/ 29 February 2008

Miners keep JSE afloat

Gold-mining stocks and other commodity counters helped keep the JSE’s head above the water by midday on Friday, as metal prices kept driving higher on the back of a weaker United States dollar.

By 12.01pm, the JSE’s broader all-share index was up 0,24%, led by a 1,85% climb in the gold-mining index. Resources were 1,06% firmer, and the platinum-mining index was up 0,66%. Industrials shed 0,12%, financials gave up 1,4% and banks weakened 1,91%.

The rand was bid at 7,620 to the US dollar from 7,53 when the JSE closed on Thursday, while gold broke through its all-time high of $975/oz hit in the early morning session, and reached US$976,13 a troy ounce.

“Gold came under pressure at the start of Thursday as traders in Asia carried out pockets of profit-taking on the back of dollar gains. The yellow metal dipped to $953,15 in early Europe but this proved to be the day’s low as the greenback weakened,” explained London-based metals analyst James Moore, from TheBullionDesk.com.

He added that gold worked back to $960 by the US opening on Thursday and spent some time trading $958 to $962,50 before breaking higher as the dollar extended lower in response to US Federal Reserve Bank Ben Bernanke’s testimony.

Gold touched a high of $967,20 shortly before Wall Street’s close and pushed above $970 in after-market trade, with follow through buying on Friday lifting gold to $975, he said.

“Investment demand for gold and the rest of the precious metals looks set to remain strong in the coming sessions as investors look to off-set rising oil prices and continued dollar weakness,” concluded Moore.

“All resource and mining stocks are benefiting from higher commodity prices that are running on the back of the dollar, which has been weakening further,” an equities trader said.

He explained that local credit extension data and M3 money supply numbers were quite high, which was “worrying the market”.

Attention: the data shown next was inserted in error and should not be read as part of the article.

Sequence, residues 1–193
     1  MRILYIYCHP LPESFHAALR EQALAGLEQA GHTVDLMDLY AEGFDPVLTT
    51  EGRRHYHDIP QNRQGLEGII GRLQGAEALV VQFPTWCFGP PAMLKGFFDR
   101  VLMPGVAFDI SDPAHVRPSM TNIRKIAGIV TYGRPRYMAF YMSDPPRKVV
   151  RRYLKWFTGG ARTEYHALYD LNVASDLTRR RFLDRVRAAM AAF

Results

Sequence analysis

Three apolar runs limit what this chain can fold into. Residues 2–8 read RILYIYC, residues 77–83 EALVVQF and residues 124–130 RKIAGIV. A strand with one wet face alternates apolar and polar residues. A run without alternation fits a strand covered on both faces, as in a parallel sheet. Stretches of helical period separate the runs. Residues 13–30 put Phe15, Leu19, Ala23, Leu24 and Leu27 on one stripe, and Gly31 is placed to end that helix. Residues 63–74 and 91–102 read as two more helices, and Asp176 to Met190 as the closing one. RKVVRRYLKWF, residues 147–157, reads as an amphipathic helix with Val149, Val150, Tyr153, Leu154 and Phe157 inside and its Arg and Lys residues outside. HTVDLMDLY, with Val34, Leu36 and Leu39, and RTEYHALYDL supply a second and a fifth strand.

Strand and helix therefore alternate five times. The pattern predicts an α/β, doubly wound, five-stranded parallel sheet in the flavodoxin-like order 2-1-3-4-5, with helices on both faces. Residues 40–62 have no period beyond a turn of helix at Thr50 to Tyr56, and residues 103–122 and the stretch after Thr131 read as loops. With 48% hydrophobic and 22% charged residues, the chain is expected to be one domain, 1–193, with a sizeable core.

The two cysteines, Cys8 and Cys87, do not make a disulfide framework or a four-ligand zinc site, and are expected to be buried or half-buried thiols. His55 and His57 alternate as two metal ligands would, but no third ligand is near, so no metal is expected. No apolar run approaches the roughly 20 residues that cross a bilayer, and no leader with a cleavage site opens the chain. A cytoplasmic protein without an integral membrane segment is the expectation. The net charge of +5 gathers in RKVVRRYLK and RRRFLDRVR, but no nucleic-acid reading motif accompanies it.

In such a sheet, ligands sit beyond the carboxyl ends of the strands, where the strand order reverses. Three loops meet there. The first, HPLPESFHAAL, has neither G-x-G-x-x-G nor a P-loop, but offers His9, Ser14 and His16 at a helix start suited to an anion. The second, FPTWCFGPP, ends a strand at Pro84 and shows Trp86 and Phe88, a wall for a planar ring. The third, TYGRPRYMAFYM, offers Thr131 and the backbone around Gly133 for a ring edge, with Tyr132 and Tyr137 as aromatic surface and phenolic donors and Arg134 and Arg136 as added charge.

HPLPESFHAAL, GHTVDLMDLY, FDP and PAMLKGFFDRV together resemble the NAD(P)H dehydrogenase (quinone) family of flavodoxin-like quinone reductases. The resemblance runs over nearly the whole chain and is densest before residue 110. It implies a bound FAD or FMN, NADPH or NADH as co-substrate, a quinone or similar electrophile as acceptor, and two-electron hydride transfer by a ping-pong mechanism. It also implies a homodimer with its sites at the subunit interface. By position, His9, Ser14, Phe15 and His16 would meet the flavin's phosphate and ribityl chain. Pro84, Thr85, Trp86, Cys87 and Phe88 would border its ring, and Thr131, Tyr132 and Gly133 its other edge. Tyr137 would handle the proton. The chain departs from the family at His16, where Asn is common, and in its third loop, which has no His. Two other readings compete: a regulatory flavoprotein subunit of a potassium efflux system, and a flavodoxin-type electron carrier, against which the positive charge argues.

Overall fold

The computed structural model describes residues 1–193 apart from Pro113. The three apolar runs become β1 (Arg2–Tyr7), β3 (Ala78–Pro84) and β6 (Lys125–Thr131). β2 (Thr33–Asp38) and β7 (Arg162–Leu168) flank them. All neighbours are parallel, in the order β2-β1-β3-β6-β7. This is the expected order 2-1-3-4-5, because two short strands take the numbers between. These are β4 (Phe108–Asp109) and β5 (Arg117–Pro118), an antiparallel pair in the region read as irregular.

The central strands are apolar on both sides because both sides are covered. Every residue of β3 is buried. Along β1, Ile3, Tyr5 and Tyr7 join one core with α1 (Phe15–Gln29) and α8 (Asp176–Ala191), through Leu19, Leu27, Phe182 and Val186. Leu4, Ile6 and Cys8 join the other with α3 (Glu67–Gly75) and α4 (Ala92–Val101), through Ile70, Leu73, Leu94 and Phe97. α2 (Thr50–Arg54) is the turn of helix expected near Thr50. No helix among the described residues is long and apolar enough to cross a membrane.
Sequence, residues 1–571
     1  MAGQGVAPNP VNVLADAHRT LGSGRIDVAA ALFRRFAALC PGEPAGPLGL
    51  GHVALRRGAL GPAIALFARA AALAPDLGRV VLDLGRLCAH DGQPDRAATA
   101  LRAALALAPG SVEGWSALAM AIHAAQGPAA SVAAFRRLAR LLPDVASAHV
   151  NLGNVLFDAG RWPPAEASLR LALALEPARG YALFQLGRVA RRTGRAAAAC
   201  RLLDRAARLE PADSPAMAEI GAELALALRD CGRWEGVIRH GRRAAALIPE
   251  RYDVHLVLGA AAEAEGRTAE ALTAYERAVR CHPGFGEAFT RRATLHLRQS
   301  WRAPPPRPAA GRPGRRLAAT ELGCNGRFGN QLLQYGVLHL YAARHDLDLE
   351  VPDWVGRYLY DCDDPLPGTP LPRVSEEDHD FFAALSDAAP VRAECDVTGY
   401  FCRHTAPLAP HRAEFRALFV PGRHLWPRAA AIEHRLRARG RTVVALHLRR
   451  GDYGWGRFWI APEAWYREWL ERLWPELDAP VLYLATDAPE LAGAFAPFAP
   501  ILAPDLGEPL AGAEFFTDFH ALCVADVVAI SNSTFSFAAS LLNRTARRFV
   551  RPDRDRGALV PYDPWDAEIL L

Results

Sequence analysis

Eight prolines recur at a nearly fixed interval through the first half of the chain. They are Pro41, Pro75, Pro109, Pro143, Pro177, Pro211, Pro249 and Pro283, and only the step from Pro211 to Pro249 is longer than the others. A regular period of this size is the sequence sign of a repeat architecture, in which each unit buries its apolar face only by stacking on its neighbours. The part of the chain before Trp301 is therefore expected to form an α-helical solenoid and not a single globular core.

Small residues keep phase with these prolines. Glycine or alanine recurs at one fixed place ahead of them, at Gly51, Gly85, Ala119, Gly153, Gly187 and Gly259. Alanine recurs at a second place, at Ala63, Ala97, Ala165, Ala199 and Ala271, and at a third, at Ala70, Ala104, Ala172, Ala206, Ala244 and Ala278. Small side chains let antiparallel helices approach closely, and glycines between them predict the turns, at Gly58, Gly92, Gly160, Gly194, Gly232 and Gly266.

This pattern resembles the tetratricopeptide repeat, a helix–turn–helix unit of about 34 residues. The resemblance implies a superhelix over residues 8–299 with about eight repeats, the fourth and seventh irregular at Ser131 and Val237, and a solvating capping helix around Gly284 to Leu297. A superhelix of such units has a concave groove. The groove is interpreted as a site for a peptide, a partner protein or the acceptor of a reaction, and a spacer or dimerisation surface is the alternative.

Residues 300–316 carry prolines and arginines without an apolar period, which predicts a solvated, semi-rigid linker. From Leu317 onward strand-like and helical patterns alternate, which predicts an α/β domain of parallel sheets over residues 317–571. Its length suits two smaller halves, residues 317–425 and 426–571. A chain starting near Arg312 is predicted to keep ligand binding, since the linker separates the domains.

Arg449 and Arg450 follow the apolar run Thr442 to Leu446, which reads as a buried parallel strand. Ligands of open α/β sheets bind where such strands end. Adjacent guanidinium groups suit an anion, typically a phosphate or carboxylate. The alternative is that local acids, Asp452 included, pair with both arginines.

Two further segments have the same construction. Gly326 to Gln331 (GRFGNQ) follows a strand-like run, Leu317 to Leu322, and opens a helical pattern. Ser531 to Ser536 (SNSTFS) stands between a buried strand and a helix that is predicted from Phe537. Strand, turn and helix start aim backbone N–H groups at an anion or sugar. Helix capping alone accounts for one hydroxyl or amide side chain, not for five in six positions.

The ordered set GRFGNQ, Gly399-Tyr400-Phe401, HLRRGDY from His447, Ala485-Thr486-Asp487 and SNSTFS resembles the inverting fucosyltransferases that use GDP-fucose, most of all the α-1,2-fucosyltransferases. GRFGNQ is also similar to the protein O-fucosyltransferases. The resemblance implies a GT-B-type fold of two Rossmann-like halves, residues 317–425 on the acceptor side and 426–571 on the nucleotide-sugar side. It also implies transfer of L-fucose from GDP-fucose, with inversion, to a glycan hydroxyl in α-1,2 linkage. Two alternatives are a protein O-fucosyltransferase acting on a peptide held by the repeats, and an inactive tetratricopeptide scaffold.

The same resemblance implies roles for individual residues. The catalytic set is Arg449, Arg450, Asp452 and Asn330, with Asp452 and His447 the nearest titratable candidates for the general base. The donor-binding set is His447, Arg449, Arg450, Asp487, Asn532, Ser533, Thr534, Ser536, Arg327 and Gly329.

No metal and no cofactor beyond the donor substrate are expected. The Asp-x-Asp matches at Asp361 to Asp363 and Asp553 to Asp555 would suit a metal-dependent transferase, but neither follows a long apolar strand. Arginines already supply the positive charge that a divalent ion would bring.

The rate of growth of South Africa’s broad M3 money supply measure rose by 25,16% in the year to end-January from a revised 23,64% (23,67%) in the year to end-December, the South African Reserve Bank said on Friday.

Credit extension to the private sector (PSCE) grew at a rate of 23% year-on-year (y/y) from a revised 21,57% (21,46%) in December. .

M3 money supply aggregate growth, meanwhile, was expected to have increased in January at 23,9% y/y.

“Interest rate sensitive stocks like banks and retailers are taking a back seat today [Friday] as everyone is scared of the possibility of another interest-rate hike,” he said.

He added that market players must also note that it is year-end on Friday, and that there was “a lot of rebalancing in the market going on”.

On the JSE’s gold-mining index, AngloGold Ashanti shot up R11,07, or 4,15%, to R278,12 and Gold Fields added 33 cents to R108,01.

Among resources, Anglo American edged up 39 cents to R493,39 and BHP Billiton recovered R6,62, or 2,7%, to R251,62.

Platinum miner Anglo Platinum improved R4,74 to R1 204,75 and Impala Platinum increased R1,50 to R311,50.

Brewer SABMiller fell R2,01, or 1.,4%, to R160, while luxury goods group Richemont was up 33 cents to R44,93.

Banker Standard bank declined R1,72, or 1,79%, to R94,27 and Nedbank gave up R2,73, or 2,28%, to R117,17. — I-Net Bridge